I grew up in a Christian community, going to a Christian church that was unique in that it was influenced by very eastern ideas. The congregation believed in reincarnation, karma, astrology, etc. We learned all these things side by side with Bible stories. I remember when I was old enough to start going to the “young adult” services (the children were given a more participatory, separate service to keep their attention). The young adult service was the third tier, and the last one before you graduated to the adult services. There’s a particular one that sticks in my mind.

We were performing the normal meditations and prayers, lighting candles and speaking devotionals and so forth. I remember looking up into the corner of the room, near the ceiling. And I asked the Christian God in my head, not in a demanding way, just a curious way…are you there? It was, more specifically, an “Are you there for me?” type of question. And even though He didn’t answer, I could feel Him there. For many people, that’s enough. To know, or to believe, that He exists. Feeling a godly presence is something that can impact your emotions and psyche for a long time. It definitely creates ripples.

I don’t want to sound selfish or demanding, though you could probably interpret this as such. But a divine Presence wasn’t enough for me. I wanted more. I wanted an answer. I wanted attention and visibility and above all LOVE. I didn’t feel like the Christian God was all that interested in me, personally. He’s got better things to do, I guess, though I don’t understand how you can be omnipresent and omnipotent and not be able to divide your attention a billion ways to give each person individual time and love.

It occurs to me that I should probably also write about why I’m religious, which ties more into my writing. But this essay is specifically about why I’m Pagan, so I’ll keep running with that.

I wasn’t even aware I was searching for something else when I found a book at a weekly outing with my best friend. It was at a Borders (makes you feel old, huh? Remembering when they were still around…). The book was in the teen section, titled Where to Park Your Broomstick. It was the perfect intro to Paganism/Wicca. It stressed the religious beliefs, while still touching on the witchcraft and personal acts and rituals of worship. I stayed up most of that night reading it, and then by the next morning I was ready to devote myself to being Pagan. It wasn’t until a few months later that I did a meditation where I actually came into contact with the Goddess.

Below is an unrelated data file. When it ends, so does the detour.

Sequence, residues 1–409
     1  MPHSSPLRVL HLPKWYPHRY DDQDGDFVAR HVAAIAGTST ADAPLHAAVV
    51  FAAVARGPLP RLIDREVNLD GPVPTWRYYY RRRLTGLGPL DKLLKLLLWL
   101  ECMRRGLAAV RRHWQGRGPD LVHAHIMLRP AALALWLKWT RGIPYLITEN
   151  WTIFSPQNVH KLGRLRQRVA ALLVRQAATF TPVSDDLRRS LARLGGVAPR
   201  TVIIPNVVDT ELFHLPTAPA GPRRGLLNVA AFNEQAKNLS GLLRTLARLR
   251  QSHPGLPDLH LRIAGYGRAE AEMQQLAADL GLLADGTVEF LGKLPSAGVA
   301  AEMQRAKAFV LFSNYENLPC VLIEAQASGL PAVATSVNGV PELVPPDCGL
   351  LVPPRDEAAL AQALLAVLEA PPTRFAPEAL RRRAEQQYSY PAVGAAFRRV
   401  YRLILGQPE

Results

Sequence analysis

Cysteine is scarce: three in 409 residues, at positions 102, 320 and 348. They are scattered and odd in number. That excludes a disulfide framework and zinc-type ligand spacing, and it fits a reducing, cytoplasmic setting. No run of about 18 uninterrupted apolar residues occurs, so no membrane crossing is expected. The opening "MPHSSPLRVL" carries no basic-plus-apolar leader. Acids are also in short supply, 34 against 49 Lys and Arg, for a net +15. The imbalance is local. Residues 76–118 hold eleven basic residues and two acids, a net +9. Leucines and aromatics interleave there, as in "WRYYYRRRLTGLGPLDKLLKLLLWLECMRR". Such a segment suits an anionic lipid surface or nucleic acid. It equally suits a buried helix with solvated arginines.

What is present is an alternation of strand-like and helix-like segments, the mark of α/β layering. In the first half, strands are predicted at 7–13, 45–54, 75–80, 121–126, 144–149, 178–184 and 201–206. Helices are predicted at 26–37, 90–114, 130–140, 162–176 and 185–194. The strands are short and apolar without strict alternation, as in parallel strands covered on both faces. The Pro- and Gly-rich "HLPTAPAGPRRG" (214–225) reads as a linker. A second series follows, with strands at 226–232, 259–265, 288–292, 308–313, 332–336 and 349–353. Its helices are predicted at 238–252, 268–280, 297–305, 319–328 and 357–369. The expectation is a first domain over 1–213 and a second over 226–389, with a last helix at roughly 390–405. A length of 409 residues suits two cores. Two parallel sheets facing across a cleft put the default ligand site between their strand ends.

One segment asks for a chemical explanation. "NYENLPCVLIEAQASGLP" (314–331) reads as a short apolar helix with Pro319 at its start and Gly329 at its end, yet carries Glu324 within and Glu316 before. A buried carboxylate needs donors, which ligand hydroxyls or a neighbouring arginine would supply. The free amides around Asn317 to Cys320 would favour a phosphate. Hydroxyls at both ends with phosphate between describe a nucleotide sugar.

To give you a bit of background, my relationship with my mother hasn’t always been easy. To say it’s strained doesn’t even describe it well. It’s more like…it’s complicated. I wanted desperately to please her, when I was a kid. I noticed that if I did well, or didn’t upset her, that she’d be happy. And I wanted her to be happy. She invested a lot of time and effort in the care of myself and my sister. She loves children, and still views our young years as the best of her life. I think her identity as a mother is her favorite and predominant one. And as a little kid, I must have sensed that, and wanted to feed into it to make her happy. The problem that I think we had was a sense of imbalance. If I’m her life, and I’m trying so hard to make her happy–where is my life? I got all tangled up in my mom and my sister, until I wasn’t sure where I stopped and they started. Then as an independent, fiery Aries, age thirteen, I was trying to define myself. Except I didn’t have a self.

So I created one. I fought to find the beliefs and passions and motivations that would sustain me the rest of my life. I read some very influential books, the predominant ones being the His Dark Materials trilogy by Philip Pullman. Humanism, I could get behind. Organized religion? Sure, there’s a lot of potential for corruptness there. The best thing those books taught me was personal accountability, though. You can be a young kid, with no special powers, and the fate of all the worlds can rest on your shoulders and on the decisions you make in innocence and faith.

I want to change the world, of course. I want to make an impact. I think because I have so much gratitude for the people whose creative work, philosophical thinking, or lasting historical impacts gave me my sense of purpose. I think about the men who died recently on a Portland bus and I am heartbroken by it. It does help bolster my faith in humanity, though. There are good people out there. People who will stand up for others. In this situation they were cut down for doing so. That isn’t right, or good, or just. The intentions, though, the actions to protect others–there is a purity in that. A faith, and a decency, that I think everyone should aspire to embody.